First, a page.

Soft, disordered, micro-structured materials are ubiquitous in nature and industry, and are different from ordinary fluids or solids, with unusual, interesting static and flow properties. The transition from fluid to solid - at the so-called jamming density - features a multitude of complex

  2. Magic at the Marketplace: Choice Blindness for the Taste of Jam and the Smell of Tea

    Science.gov (United States)

    Hall, Lars; Johansson, Petter; Tarning, Betty; Sikstrom, Sverker; Deutgen, Therese

    2010-01-01

    We set up a tasting venue at a local supermarket and invited passerby shoppers to sample two different varieties of jam and tea, and to decide which alternative in each pair they preferred the most. Immediately after the participants had made their choice, we asked them to again sample the chosen alternative, and to verbally explain why they chose…

  3. Processes driving sea ice variability in the Bering Sea in an eddying ocean/sea ice model: Mean seasonal cycle

    Science.gov (United States)

    Li, Linghan; McClean, Julie L.; Miller, Arthur J.; Eisenman, Ian; Hendershott, Myrl C.; Papadopoulos, Caroline A.

    2014-12-01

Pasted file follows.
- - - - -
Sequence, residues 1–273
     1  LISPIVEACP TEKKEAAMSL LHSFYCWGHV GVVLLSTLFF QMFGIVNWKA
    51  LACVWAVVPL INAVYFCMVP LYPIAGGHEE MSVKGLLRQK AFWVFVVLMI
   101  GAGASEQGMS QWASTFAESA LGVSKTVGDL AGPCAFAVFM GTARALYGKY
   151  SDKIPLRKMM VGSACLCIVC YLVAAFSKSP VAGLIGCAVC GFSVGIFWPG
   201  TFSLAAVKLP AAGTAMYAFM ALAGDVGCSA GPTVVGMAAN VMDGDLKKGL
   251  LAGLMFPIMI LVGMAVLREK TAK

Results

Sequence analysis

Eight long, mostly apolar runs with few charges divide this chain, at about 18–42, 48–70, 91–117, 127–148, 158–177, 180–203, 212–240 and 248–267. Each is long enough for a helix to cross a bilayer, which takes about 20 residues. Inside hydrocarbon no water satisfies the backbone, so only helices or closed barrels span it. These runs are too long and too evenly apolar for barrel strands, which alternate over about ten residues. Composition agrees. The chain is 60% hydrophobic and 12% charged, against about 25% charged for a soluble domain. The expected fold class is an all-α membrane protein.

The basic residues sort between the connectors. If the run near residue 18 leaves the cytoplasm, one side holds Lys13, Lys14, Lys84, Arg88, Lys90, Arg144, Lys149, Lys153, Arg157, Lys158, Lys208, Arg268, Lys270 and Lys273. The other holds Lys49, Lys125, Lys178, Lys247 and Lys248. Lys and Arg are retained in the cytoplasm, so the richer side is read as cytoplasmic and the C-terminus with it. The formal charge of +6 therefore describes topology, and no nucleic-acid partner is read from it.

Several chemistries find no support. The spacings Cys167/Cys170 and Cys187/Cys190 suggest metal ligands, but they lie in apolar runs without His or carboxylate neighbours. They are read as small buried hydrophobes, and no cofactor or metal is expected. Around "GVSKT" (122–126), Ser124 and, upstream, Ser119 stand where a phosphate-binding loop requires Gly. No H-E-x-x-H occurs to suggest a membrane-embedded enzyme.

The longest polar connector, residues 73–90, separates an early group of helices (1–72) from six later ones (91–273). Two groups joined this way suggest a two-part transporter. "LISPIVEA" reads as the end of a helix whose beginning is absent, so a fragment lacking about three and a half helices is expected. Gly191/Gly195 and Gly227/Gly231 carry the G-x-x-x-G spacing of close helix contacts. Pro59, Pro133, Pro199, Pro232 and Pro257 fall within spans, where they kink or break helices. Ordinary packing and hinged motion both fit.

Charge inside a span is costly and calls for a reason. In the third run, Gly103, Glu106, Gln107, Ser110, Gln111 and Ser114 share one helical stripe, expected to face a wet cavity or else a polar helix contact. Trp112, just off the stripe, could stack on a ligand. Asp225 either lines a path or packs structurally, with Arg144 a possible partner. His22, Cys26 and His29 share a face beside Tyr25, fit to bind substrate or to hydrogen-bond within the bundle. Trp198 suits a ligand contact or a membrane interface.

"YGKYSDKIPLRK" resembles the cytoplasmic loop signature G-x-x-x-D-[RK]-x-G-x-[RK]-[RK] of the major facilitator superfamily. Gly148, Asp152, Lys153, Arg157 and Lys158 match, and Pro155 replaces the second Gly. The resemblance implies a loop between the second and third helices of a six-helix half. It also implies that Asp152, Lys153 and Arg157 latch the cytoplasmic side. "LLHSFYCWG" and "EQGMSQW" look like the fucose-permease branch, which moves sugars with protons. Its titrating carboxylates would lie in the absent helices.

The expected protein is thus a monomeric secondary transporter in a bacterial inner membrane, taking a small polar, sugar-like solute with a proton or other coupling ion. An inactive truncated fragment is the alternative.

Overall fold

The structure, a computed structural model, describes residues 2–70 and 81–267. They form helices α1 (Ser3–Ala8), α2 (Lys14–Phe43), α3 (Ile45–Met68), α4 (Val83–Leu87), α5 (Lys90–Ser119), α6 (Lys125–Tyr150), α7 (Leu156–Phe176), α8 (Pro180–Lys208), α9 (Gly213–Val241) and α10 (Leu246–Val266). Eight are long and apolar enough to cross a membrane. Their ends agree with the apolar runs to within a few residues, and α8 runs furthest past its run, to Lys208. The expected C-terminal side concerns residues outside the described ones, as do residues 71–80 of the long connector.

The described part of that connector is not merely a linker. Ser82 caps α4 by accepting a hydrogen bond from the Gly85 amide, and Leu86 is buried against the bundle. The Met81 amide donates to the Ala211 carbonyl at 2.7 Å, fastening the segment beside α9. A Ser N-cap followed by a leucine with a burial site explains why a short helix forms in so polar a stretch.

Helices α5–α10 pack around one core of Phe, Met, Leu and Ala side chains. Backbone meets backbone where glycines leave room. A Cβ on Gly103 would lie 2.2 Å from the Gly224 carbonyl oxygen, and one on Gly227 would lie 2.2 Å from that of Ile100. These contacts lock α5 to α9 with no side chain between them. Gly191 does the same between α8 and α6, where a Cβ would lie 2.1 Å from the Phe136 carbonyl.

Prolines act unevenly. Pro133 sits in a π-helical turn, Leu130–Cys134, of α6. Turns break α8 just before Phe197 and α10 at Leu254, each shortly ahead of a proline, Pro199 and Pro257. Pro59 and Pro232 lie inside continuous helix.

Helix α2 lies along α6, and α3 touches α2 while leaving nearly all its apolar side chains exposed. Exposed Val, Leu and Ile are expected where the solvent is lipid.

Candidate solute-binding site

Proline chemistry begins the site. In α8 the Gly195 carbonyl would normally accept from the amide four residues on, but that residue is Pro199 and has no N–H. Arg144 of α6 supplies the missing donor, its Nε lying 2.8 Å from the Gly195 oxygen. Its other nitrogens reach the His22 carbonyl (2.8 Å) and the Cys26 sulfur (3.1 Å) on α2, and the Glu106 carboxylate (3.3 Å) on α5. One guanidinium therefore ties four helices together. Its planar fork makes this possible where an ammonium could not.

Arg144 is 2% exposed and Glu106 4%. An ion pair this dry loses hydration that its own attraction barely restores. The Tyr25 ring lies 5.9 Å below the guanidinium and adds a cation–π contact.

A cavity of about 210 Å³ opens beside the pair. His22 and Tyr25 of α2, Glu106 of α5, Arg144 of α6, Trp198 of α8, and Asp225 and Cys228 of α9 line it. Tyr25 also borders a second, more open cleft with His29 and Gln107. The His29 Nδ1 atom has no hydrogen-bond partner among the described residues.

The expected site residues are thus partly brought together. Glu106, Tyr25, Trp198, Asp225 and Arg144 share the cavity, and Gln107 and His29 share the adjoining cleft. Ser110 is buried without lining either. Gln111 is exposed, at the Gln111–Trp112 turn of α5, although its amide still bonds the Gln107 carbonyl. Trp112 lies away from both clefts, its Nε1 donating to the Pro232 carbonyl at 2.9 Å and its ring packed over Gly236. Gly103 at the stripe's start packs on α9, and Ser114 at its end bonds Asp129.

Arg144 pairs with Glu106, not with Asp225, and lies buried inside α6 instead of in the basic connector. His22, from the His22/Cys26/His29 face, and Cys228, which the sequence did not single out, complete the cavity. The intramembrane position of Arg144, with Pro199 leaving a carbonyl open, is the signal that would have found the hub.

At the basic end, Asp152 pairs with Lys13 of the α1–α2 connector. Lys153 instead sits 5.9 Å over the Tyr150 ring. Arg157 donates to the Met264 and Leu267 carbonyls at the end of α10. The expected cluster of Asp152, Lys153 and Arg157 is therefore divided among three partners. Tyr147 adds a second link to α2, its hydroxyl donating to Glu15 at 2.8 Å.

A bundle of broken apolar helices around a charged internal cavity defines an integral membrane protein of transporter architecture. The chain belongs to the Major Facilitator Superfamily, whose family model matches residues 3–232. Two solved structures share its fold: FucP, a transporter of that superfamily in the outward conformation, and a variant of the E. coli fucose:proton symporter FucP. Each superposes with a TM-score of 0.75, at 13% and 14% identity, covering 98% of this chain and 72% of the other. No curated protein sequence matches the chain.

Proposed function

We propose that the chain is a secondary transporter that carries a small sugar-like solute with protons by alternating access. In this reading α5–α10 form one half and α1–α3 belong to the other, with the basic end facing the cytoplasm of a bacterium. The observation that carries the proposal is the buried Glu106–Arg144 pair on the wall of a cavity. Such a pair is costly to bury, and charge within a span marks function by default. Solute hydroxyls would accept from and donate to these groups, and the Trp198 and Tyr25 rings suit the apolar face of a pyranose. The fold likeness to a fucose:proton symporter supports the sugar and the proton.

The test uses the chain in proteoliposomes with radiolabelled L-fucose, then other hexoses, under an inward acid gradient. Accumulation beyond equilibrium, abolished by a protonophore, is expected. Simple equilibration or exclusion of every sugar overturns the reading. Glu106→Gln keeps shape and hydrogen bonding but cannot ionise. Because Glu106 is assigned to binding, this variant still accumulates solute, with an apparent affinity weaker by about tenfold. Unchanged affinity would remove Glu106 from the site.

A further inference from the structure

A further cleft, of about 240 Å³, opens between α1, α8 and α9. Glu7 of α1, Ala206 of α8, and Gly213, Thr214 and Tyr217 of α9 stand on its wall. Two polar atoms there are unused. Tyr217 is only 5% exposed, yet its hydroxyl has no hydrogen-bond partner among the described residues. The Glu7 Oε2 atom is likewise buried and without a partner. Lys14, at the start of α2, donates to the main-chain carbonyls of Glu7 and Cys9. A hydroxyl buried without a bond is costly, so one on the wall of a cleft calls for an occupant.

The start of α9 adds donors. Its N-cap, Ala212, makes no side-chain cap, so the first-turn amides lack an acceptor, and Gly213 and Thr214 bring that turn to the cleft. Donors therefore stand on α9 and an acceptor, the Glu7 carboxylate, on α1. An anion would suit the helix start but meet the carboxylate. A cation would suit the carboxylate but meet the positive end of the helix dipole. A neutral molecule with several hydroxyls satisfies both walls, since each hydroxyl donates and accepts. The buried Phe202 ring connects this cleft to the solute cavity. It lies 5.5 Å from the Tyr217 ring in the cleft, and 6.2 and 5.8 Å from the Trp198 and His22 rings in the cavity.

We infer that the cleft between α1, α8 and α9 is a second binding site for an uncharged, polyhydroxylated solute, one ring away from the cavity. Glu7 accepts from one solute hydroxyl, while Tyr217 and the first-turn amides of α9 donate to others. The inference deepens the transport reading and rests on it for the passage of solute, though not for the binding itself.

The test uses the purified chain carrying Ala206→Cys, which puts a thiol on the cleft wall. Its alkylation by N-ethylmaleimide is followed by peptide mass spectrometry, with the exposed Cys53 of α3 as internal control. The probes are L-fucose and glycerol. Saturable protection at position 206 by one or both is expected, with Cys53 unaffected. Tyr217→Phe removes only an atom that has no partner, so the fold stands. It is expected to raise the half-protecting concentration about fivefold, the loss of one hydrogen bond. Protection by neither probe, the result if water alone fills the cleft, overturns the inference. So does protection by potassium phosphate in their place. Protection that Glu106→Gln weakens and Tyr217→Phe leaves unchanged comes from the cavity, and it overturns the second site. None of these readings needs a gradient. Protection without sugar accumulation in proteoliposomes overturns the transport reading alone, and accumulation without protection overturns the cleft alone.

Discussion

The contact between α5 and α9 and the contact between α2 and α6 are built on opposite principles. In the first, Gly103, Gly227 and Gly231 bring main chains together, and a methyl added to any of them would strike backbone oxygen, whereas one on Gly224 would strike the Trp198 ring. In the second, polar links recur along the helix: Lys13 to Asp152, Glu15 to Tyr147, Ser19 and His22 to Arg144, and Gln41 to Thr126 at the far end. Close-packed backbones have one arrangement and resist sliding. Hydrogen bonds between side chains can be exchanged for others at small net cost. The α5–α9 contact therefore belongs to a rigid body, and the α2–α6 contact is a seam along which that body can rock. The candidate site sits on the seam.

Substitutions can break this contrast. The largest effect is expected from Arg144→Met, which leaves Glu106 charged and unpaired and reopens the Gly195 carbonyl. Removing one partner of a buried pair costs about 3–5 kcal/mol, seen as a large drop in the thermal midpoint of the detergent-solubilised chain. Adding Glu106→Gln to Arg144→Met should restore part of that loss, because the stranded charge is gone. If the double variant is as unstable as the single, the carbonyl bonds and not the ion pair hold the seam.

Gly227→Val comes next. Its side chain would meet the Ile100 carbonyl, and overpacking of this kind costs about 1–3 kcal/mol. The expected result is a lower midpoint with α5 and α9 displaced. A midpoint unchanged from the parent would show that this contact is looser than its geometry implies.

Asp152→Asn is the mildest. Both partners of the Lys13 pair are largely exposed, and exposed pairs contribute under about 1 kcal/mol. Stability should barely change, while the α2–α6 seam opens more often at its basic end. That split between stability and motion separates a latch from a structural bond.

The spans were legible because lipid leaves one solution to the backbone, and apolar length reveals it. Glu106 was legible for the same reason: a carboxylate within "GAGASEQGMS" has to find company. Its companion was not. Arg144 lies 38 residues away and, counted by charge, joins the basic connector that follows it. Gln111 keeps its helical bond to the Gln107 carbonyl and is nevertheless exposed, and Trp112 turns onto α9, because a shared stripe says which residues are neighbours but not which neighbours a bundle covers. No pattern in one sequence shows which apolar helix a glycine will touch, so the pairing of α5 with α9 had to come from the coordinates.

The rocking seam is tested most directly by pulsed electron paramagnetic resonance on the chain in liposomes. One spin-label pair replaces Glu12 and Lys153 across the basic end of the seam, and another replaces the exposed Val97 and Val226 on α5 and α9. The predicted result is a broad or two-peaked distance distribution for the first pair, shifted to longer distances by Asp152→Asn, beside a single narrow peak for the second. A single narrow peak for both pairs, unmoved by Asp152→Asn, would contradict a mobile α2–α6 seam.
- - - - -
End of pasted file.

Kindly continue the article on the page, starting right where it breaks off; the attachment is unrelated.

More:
The seasonal cycle of sea ice variability in the Bering Sea, together with the thermodynamic and dynamic processes that control it, are examined in a fine resolution (1/10°) global coupled ocean/sea-ice model configured in the Community Earth System Model (CESM) framework. The ocean/sea-ice model consists of the Los Alamos National Laboratory Parallel Ocean Program (POP) and the Los Alamos Sea Ice Model (CICE). The model was forced with time-varying reanalysis atmospheric forcing for the time period 1970-1989. This study focuses on the time period 1980-1989. The simulated seasonal-mean fields of sea ice concentration strongly resemble satellite-derived observations, as quantified by root-mean-square errors and pattern correlation coefficients. The sea ice energy budget reveals that the seasonal thermodynamic ice volume changes are dominated by the surface energy flux between the atmosphere and the ice in the northern region and by heat flux from the ocean to the ice along the southern ice edge, especially on the western side. The sea ice force balance analysis shows that sea ice motion is largely associated with wind stress. The force due to divergence of the internal ice stress tensor is large near the land boundaries in the north, and it is small in the central and southern ice-covered region. During winter, which dominates the annual mean, it is found that the simulated sea ice was mainly formed in the northern Bering Sea, with the maximum ice growth rate occurring along the coast due to cold air from northerly winds and ice motion away from the coast. South of St Lawrence Island, winds drive the model sea ice southwestward from the north to the southwestern part of the ice-covered region. Along the ice edge in the western Bering Sea, model sea ice is melted by warm ocean water, which is carried by the simulated Bering Slope Current flowing to the northwest, resulting in the S-shaped asymmetric ice edge. In spring and fall, similar thermodynamic and dynamic